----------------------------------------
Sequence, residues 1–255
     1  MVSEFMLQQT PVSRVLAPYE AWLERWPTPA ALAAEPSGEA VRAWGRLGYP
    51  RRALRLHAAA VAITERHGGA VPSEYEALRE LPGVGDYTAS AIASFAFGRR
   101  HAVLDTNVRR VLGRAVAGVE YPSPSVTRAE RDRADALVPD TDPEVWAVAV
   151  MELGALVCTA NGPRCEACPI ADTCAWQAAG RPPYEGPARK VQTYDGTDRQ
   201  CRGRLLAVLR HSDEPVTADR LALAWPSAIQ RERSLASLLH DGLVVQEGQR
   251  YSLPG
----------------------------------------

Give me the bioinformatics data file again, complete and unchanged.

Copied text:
Sequence, residues 1–255
     1  MVSEFMLQQT PVSRVLAPYE AWLERWPTPA ALAAEPSGEA VRAWGRLGYP
    51  RRALRLHAAA VAITERHGGA VPSEYEALRE LPGVGDYTAS AIASFAFGRR
   101  HAVLDTNVRR VLGRAVAGVE YPSPSVTRAE RDRADALVPD TDPEVWAVAV
   151  MELGALVCTA NGPRCEACPI ADTCAWQAAG RPPYEGPARK VQTYDGTDRQ
   201  CRGRLLAVLR HSDEPVTADR LALAWPSAIQ RERSLASLLH DGLVVQEGQR
   251  YSLPG